NAIROBI, Kenya, Jun 3 – East African Legislative Assembly (EALA) Member of Parliament Simon Mbugua has filed a case seeking the removal of Central Bank of Kenya Governor Patrick Njoroge for allegedly flouting the law with new bank notes.
In his petition on Monday, that comes barely two days after the announcement that happened on June 1 during the Madaraka Day celebrations, the legislator wants the circulation of new notes to be stopped.
He cited lack of public participation as provided in the Constitution by declaring October 1 as the day when the old generation series of Sh1,000 will phase out.
The legislator further sought the court interpretation over the CBK decision to replace the old generation 1,000 notes with new ones that bear a statue of Kenya’s first President, the late Mzee Jomo Kenyatta.
This, he said contravenes provisions of Article 234 (4) of the Constitution which provides that the Kenyan currency should only bear images that depict or symbolise Kenya or an aspect of Kenya but shall not bear a portrait of any individual.
The new notes for Sh50, Sh100, Sh100, Sh500 and Sh1,000, he petitioned; “appears in the plain eyesight to depict the painting, picture, sketch, likeliness, image, photograph, drawing or engraving of the former President Jomo Kenyatta.”
He wants the governor to be found guilty for abuse of office for the alleged offences.
“I honestly believe that the respondent (CBK Governor) did not consult the Kenyan public on the plans to set the withdrawal dates four months away,” reads the petition.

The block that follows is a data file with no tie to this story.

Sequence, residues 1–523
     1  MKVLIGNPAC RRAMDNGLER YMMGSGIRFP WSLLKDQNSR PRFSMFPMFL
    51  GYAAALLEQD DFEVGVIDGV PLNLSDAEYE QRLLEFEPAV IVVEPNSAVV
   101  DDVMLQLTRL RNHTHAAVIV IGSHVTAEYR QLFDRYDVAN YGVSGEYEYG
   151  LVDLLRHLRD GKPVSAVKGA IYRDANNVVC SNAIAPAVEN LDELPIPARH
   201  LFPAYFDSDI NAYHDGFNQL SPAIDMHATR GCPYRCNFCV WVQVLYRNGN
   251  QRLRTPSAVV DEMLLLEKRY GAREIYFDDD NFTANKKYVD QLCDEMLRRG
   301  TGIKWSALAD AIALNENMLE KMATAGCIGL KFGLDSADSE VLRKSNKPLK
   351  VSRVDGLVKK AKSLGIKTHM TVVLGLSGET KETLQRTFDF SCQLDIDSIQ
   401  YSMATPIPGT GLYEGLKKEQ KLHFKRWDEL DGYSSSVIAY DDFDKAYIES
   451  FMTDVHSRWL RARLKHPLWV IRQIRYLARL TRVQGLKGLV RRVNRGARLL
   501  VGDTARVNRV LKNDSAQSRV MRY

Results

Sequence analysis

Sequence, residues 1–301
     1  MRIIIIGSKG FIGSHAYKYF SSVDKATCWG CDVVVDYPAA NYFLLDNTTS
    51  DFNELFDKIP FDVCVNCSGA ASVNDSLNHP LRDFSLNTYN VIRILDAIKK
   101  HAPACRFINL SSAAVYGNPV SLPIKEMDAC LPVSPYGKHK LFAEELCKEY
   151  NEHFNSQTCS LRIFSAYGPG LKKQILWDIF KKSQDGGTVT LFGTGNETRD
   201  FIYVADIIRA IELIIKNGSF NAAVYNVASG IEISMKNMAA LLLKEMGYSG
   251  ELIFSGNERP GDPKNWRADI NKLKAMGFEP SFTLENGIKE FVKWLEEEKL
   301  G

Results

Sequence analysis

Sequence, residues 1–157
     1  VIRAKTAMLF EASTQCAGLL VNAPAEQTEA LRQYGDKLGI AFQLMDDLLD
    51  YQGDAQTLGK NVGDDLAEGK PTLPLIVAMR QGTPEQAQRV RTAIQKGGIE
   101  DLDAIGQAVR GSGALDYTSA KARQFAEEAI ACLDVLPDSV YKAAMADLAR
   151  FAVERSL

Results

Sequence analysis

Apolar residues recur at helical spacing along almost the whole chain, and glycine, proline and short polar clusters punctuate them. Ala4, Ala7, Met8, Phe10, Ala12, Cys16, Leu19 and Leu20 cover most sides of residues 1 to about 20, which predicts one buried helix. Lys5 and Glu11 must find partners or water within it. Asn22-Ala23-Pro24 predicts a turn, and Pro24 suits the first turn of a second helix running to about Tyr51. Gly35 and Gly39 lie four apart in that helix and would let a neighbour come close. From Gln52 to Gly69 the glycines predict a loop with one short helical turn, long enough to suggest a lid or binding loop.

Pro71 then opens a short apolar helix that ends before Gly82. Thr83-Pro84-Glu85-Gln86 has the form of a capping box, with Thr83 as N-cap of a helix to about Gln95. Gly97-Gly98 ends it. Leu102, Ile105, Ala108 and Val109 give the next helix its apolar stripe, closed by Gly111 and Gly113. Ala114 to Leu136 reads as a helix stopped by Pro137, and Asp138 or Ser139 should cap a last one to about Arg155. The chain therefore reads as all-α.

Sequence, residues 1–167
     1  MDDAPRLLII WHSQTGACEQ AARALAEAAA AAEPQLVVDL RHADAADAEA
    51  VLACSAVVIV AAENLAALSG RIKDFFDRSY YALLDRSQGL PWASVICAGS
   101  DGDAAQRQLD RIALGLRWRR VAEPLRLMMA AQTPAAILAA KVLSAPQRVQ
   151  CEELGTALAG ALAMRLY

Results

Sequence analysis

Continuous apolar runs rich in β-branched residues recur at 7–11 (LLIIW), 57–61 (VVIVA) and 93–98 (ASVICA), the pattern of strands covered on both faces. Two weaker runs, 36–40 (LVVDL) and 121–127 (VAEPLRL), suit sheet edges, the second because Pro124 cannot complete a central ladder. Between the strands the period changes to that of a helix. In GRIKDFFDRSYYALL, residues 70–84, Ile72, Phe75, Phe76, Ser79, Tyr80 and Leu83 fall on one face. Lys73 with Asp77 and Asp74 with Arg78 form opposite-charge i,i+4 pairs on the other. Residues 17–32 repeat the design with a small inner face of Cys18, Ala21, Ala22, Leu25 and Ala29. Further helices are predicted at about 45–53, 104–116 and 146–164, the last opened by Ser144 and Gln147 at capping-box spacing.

This, he said, has “astronomical consequences in terms of disruption of the economy and increase in the inflation among other things that are likely to be experienced by Kenyans.”
Addressing journalists, the CBK Governor said they will have their day in court to defend the changes made.
The announcement has stirred mixed reactions, with foreign envoys terming it as timely and bold.
READ: Foreign envoys term move to have new bank notes bold, timely
United Kingdom High Commissioner to Kenya Nic Hailey termed the announcement as “great news” saying the plunderers of taxpayers’ money will have to explain their source of money.
“A tough stand on corruption,” the envoy said while applauding State House for the renewed efforts to get rid of the menace, which has seen Kenyans deprived of their rightful share of services as a few cash in on their misery.
“This announcement on the 1,000 bob note is great news. Anyone who has been stashing proceeds of corruption in cash, to avoid oversight, will have to explain where their wealth came from,” read a post on his Twitter handle, @HCNicHailey.
The envoy of the Kingdom of the Netherlands to Kenya, Somalia and Seychelles Frans Makken said it is a “great sign from Kenya’s leadership. Corruption equals stealing from the public and prevents a country to prosper at its full potential.”